Mutational analysis of mau genes involved in methylamine metabolism in Paracoccus denitrificans

C.J.N.M. van der Palen, D.J. Slotboom, L Jongejan, W N Reijnders, N Harms, J A Duine, R J van Spanning

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A chromosomal fragment containing DNA downstream from mauC was isolated from Paracoccus denitrificans. Sequence analysis of this fragment revealed the presence of four open reading frames, all transcribed in the same direction. The products of the putative genes were found to be highly similar to MauJ, MauG, MauM and MauN of Methylobacterium extorquens AM1. Using these four mau genes, 11 mau genes have been cloned from P. denitrificans to date. The gene order is mauRFBEDACJGMN, which is similar to that in M. extorquens AM1. mauL, present in M. extorquens AM1, seems to be absent in P. denitrificans. MauJ is predicted to be a cytoplasmic protein, and MauG a periplasmic protein. The latter protein contains two putative heme-binding sites, and has some sequence resemblance to the cytochrome c peroxidase from Pseudomonas aeruginosa. MauM is also predicted to be located in the periplasm, but MauN appears to be membrane associated. Both resemble ferredoxin-like proteins and contain four and two motifs, respectively, characteristic for [4Fe-4S] clusters. Inactivation of mauA, mauJ, mauG, mauM and mauN was carried out by introduction of unmarked mutations in the chromosomal copies of these genes. mauA and mauG mutant strains were unable to grow on methylamine. The mauJ mutant strain had an impaired growth rate and showed a lower dye-linked methylamine dehydrogenase (MADH) activity than the parent strain. Mutations in mauM and mauN had no effect on methylamine metabolism. The mauA mutant strain specifically lacked the beta subunit of MADH, but the alpha subunit and amicyanin, the natural electron acceptors of MADH, were still produced. The mauG mutant strain synthesized the alpha and beta subunits of MADH as well as amicyanin. However, no dye-linked MADH activity was found in this mutant strain. In addition, as the wild-type enzyme displays a characteristic fluorescence emission spectrum upon addition of methylamine, this property was lost in the mauG mutant strain. These results clearly show that MauG is essential for the maturation of the beta subunit of MADH, presumably via a step in the biosynthesis of tryptophan tryptophylquinone, the cofactor of MADH. The mau gene cluster mauRFBEDACJGMN was cloned on the broad-host vector pEG400. Transfer of this construct to mutant strains which were unable to grow on methylamine fully restored their ability to grow on this compound. A similar result was achieved for the closely related bacterium Thiosphaera pantotropha, which is unable to utilize methylamine as the sole sources of carbon and energy.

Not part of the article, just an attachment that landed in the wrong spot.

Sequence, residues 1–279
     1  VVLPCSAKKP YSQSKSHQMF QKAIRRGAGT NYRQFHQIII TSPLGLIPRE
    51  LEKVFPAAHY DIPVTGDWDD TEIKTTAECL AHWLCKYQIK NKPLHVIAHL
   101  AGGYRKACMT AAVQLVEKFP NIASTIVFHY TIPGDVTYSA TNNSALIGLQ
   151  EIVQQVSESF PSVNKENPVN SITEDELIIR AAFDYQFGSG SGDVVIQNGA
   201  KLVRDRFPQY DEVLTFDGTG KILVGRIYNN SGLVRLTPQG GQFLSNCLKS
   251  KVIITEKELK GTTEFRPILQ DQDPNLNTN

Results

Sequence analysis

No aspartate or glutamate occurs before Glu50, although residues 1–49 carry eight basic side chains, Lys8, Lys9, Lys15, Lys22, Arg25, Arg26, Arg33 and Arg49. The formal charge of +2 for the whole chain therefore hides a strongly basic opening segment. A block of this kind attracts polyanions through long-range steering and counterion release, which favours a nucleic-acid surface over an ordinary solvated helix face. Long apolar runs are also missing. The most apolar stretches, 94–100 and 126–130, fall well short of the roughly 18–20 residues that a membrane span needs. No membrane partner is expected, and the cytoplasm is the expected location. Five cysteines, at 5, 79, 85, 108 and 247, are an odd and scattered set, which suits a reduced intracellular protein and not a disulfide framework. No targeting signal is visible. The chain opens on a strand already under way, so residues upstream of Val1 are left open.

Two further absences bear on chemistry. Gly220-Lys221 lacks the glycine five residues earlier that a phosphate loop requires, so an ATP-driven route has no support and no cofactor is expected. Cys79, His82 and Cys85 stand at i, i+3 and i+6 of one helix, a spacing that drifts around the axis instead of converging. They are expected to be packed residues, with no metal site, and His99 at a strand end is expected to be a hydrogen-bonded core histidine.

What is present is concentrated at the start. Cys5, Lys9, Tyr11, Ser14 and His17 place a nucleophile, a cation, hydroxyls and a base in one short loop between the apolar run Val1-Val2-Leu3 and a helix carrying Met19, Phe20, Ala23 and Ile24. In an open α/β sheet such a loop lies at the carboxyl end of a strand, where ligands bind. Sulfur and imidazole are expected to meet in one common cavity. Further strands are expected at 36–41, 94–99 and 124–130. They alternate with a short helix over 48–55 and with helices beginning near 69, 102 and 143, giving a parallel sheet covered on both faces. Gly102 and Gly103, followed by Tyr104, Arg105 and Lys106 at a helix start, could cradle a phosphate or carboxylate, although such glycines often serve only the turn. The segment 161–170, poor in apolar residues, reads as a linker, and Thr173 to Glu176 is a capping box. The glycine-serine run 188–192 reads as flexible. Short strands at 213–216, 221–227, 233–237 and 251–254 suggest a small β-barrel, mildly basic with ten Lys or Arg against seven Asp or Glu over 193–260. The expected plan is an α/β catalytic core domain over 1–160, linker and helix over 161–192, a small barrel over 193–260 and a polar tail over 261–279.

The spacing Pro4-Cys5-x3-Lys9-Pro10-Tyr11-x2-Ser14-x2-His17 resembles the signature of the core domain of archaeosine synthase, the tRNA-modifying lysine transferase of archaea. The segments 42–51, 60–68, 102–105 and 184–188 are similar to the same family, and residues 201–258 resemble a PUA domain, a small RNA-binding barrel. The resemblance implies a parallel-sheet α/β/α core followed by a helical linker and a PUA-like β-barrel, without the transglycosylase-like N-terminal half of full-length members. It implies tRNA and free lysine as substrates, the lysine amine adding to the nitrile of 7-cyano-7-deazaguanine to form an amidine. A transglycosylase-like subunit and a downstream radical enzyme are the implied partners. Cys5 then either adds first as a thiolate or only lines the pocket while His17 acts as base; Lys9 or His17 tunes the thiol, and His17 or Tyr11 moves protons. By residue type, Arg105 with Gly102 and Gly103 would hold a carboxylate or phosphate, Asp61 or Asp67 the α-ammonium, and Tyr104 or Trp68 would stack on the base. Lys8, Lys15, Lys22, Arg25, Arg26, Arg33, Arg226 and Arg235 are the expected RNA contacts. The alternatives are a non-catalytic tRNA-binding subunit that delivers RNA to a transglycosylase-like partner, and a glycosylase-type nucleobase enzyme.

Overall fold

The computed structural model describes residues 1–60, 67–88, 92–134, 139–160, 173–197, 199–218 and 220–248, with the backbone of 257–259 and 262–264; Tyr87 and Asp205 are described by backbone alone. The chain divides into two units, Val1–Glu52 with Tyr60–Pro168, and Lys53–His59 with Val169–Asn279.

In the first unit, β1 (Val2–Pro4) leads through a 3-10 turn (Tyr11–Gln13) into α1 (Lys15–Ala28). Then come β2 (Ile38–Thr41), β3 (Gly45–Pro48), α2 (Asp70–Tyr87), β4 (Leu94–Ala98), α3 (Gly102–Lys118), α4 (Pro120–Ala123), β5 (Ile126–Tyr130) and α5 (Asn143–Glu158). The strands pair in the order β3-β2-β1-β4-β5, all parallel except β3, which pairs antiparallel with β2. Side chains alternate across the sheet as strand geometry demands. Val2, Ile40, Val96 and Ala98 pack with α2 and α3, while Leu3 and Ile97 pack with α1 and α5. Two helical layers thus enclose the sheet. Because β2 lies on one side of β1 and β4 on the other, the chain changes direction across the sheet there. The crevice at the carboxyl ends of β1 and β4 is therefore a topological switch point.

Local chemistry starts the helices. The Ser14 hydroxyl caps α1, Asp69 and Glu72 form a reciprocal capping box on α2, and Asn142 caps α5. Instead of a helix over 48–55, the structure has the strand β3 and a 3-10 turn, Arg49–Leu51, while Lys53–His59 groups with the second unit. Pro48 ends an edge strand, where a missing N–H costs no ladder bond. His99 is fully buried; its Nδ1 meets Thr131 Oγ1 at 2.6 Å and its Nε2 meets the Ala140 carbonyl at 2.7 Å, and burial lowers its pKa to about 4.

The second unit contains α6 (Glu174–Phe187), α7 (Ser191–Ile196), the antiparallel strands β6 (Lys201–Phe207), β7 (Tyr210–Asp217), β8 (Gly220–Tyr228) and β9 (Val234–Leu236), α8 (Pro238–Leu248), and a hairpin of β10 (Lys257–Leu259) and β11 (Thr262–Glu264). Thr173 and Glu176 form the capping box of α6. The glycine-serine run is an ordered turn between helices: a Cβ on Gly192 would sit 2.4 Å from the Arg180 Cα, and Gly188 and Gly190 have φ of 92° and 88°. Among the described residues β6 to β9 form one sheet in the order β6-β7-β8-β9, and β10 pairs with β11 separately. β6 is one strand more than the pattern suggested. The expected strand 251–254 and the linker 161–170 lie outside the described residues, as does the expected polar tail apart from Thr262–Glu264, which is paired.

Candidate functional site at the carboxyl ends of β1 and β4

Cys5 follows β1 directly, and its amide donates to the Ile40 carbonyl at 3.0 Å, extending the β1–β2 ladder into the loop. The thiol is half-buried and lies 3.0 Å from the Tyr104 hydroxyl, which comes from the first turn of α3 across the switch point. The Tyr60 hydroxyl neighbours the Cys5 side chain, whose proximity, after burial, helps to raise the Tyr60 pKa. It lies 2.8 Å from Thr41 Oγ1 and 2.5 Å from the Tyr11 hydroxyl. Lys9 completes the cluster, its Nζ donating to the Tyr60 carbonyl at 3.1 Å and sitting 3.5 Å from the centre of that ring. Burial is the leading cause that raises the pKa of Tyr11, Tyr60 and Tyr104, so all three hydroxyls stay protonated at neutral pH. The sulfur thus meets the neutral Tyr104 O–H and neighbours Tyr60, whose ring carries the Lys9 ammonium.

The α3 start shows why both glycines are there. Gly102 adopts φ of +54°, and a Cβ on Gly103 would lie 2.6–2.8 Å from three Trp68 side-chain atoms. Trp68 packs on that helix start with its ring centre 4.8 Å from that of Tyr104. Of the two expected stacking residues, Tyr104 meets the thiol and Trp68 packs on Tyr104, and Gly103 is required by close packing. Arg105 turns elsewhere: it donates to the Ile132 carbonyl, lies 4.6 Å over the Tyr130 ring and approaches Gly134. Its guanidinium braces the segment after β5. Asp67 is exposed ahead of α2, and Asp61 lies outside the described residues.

Original languageEnglish
Pages (from-to)860-71
Number of pages12
JournalEuropean Journal of Biochemistry
Issue number3
Publication statusPublished - 15 Jun 1995


  • Amino Acid Sequence
  • Base Sequence
  • Chromosome Mapping
  • Cloning, Molecular
  • Escherichia coli
  • Fluorescence
  • Genes, Bacterial
  • Methylamines
  • Molecular Sequence Data
  • Mutation
  • Oxidoreductases Acting on CH-NH Group Donors
  • Paracoccus denitrificans
  • Journal Article
  • Research Support, Non-U.S. Gov't


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